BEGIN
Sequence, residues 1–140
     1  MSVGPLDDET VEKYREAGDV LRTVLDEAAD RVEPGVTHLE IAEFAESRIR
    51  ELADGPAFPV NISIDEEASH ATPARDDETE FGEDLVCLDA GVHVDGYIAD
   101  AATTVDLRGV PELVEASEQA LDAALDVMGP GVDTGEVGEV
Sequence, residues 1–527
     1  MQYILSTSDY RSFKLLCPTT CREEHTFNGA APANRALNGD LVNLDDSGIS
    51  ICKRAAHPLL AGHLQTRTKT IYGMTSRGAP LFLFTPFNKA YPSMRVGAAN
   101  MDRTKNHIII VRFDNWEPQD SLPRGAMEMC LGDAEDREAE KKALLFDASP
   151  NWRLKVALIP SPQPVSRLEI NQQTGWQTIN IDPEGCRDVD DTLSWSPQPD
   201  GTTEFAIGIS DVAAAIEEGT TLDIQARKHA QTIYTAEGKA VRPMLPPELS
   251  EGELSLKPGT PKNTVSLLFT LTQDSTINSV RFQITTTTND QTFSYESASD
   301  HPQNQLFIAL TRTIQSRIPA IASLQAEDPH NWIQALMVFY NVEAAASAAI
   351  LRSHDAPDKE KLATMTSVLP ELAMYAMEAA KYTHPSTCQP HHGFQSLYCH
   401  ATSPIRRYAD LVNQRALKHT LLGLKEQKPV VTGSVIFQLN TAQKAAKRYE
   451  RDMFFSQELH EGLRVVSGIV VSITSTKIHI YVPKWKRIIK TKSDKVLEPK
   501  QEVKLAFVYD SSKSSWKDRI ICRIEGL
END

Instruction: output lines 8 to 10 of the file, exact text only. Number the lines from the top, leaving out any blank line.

   101  MDRTKNHIII VRFDNWEPQD SLPRGAMEMC LGDAEDREAE KKALLFDASP
   151  NWRLKVALIP SPQPVSRLEI NQQTGWQTIN IDPEGCRDVD DTLSWSPQPD
   201  GTTEFAIGIS DVAAAIEEGT TLDIQARKHA QTIYTAEGKA VRPMLPPELS